Knowing how to attract bees is more than just knowing which
flowers are their favorites, although that is certainly a big part of attracting them. But there are different kinds of bees, and knowing a bit about their different needs can have a big impact on their ability to survive and thrive.
The four main culprits in the decline of bees are poison, lack of food, lack of habitat and lack of water.
If we want to attract bees, we need to address all four of these reasons for their decline.
Especially in urban settings, there can be significant social pressure to maintain perfect lawns, eliminate insects, and cover bare ground with something (dyed bark chips? rubber tire mulch? river rock?).
But once established, a garden full of bee-friendly flowers is a thing of beauty. This small garden in my front yard even won over my grumpy next-door neighbor, who worried that her property value would decline if there was a dandelion within a mile of her home. (And milkweed? Heaven forbid!!)
Gently educating our neighbors through beauty and signage (like the one from the Xerces Society) can greatly expand our ability to help pollinators.
Safety, to a bee, means no poisons. 'Nuff said. Don't use pesticides, herbicides, or fungicides, which are all poisons.
For killing things.
You may think that herbicide and fungicide don't affect bees, but they do. And that bag of weed-n-feed is herbicide.
If you must have a dandelion free lawn, Garret Wade makes a terrific, stand-up dandelion puller that is actually really fun to use! I can do the whole lawn in a few minutes.
Bees of all kinds feed on nectar and pollen, which are produced by flowers. But some plants are more delicious and attractive to bees than others. The best flowers are the wildflowers native to your area. There are plant lists specific
If you want to attract honeybees, plant French marigolds, cosmos, borage, nepeta (catmint), chives, sage, and oregano.
If you want to attract (and help support) wild native bees, plant coreopsis, salvia, penstemon, echinacea, milkweed, hyssop, and yarrow.
I have made a free downloadable PDF of Best Plants for Bees, which features 21 of bees' favorite plants (with botanical illustrations) along with the plant's growing requirements, size and links to buy the seeds if you can't source them locally.
About ten years ago I created a dedicated Pollinator Habitat garden, and it brings me so much joy to watch and photograph all the different species of bees and butterflies flitting from flower to flower.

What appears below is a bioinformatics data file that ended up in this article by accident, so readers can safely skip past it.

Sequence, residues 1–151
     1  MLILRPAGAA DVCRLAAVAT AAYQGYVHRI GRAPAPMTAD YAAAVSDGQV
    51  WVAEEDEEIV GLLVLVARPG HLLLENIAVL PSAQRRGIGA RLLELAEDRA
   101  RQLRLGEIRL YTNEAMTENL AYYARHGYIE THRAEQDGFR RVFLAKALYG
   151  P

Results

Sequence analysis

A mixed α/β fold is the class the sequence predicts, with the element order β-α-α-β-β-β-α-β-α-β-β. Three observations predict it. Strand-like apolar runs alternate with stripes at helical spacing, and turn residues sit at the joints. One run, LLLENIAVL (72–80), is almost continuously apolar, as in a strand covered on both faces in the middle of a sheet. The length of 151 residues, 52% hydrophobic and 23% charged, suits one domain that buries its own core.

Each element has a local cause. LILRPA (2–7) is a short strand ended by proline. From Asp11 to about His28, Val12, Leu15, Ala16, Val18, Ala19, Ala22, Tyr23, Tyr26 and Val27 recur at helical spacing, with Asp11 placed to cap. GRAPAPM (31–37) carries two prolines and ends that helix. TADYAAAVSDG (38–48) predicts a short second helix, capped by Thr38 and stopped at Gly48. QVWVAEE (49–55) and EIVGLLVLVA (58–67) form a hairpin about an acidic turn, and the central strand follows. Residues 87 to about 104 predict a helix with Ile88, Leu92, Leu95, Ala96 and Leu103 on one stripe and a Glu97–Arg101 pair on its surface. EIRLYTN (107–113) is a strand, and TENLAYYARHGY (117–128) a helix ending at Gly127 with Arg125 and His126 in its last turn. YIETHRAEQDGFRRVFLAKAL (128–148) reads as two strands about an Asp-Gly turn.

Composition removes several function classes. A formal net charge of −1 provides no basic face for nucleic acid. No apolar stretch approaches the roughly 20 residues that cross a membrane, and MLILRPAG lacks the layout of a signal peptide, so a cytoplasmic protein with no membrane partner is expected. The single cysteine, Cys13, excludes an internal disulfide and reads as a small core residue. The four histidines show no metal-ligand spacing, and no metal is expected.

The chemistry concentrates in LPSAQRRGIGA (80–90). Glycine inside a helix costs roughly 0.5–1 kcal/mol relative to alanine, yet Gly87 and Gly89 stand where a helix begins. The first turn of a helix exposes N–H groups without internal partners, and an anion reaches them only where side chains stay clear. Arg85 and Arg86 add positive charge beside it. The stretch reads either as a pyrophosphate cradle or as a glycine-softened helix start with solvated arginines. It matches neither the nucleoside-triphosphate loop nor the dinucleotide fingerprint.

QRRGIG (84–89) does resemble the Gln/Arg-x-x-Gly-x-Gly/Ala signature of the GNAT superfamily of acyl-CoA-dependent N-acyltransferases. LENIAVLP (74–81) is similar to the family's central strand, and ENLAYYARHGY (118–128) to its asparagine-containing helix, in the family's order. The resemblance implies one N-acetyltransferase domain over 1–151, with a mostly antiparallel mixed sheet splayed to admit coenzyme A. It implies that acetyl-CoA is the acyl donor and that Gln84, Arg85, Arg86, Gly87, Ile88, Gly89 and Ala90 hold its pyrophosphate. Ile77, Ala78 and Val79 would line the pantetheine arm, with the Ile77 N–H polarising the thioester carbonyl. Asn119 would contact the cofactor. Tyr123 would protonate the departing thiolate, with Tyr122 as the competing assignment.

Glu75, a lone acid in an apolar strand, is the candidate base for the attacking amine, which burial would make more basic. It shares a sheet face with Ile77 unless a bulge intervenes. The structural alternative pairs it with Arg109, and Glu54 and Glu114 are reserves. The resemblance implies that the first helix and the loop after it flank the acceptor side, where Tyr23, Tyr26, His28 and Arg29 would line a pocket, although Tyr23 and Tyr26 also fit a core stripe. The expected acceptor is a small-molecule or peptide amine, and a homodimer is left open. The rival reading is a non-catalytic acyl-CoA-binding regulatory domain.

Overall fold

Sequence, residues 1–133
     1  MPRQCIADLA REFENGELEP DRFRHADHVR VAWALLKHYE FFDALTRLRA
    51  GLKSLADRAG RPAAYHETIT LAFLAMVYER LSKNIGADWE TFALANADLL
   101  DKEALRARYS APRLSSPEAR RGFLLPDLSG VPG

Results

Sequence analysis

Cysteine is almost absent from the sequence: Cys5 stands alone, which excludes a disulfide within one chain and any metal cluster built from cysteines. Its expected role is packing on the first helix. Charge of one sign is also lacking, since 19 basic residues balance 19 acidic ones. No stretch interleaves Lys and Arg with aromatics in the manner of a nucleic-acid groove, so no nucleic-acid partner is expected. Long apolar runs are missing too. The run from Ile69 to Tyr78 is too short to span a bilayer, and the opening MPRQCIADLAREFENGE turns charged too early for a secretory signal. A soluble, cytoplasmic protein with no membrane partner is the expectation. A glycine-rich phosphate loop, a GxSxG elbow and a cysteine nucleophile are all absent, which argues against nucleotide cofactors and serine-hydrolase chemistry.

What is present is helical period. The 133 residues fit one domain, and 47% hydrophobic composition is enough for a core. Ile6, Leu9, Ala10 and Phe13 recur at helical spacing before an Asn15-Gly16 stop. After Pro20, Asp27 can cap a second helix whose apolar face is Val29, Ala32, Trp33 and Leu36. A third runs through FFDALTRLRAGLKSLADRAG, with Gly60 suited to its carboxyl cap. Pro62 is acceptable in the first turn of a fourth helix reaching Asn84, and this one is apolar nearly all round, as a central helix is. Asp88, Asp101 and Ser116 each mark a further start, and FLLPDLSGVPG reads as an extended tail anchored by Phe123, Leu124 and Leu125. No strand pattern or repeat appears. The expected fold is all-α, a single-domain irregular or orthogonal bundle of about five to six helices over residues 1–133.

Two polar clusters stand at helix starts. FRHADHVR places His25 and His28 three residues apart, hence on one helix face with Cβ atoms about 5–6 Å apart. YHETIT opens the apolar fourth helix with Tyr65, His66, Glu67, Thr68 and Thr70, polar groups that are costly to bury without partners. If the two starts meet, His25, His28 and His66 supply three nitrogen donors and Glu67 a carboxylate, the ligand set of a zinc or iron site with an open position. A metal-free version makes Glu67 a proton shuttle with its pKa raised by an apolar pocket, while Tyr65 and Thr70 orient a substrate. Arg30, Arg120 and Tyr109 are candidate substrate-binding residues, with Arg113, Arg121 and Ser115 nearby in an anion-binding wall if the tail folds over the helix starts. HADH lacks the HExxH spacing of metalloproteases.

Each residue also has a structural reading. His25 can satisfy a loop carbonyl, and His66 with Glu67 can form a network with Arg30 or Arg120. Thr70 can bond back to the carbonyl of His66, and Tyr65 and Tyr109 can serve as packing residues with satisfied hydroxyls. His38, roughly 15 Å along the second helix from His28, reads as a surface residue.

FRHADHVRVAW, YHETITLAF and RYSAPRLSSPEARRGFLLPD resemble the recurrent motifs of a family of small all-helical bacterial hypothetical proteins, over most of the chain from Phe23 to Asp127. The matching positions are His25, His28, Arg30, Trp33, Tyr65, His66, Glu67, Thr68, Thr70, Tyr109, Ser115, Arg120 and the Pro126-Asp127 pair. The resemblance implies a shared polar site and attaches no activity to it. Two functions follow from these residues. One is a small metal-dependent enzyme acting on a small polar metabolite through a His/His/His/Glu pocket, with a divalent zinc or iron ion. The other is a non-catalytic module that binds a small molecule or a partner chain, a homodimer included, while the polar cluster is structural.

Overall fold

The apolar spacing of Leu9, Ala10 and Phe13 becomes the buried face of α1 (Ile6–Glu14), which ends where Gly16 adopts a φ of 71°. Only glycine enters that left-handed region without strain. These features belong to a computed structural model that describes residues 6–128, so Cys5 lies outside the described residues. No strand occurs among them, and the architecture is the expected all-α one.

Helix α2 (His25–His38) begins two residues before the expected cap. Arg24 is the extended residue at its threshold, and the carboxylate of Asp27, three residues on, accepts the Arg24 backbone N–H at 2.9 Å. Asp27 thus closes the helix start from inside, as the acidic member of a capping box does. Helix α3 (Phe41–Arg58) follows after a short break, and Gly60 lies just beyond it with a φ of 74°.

So why not WOW your neighbors in a different way, and instead of mowing that spotless lawn, plant a garden for the bees, which is so much more interesting! You can also join the Xerces Society (see link upper right or below) and maybe even buy a Pollinator Habitat sign to showcase your efforts, educate your neighbors while supporting Xerces' research and conservation efforts.
You won't need to provide habitat for honey bees because they will return to their home hives at dusk (unless, of course, you decide to get into beekeeping, but that is beyond the scope of this article). They fly and gather nectar and pollen within a range of about 3 miles of their hives, visiting whatever flowers they can find within that radius.
Wild bees, which include mason bees, sweat bees, leafcutter bees and bumblebees, are largely solitary and only travel a few hundred yards from their nests, which means they will be more focused on your garden. And because they are so much "fuzzier" than honeybees, wild bees are 100 times more efficient at pollinating flowers than honeybees!
They usually live either in underground burrows that they make in undisturbed ground, or in the dried, empty stalks of dead standing plants. They almost never sting, and they are in desperate need of places to lay their individual eggs where the eggs will remain safe over the winter and then hatch out in the spring.
One of the easiest ways to provide habitat for wild bees is to leave a brush pile in some discreet place in your yard, where the ground underneath and around is bare and undisturbed. Providing tied-up bundles of dead perennial stalks in that pile will further help them find places to lay eggs. Many wild bees also need a clayey mudhole somewhere nearby, as they use clay wads to seal up their babies to keep them safe for the winter.
It is also really fun to make (or buy) a mason bee house. There is a wonderful website called CrownBees that has a ton of information on how to raise and support mason, leafcutter and other wild bees, as well as a fun selection of houses to provide habitat. they have instructions on how to build your own mason bee habitat, and if you Google "How to Make a Mason Bee House" there are many YouTubes and plans available for DIYers.
Ever notice how bees tend to land around the edges of swimming pools
where kids are running around? OW OW OWW!!!! As the water splashes and starts
to evaporate, the minerals contained in the water become very
attractive to the bees.
Bees need both water and salt, and evaporating water provides both. A birdbath or shallow dish with a variety of different-sized pebbles or stones in it provides bees a safe place to land where they can drink without drowning, and the edge where the water meets the stone helps concentrate the minerals as the water evaporates. Be sure to keep an eye on it so that it doesn't dry up or get yukky.
I also have a little fountain set up in a whiskey barrel using an old AeroGarden pump. It's all planted around the edges with snapdragons, and the fountain splashes enough around the edges that the bees have lots of wet places to land. And the peaceful sound that it makes is a lovely addition to our patio paradise.
Thanks for caring about bees and lovin' on our fuzzy friends!
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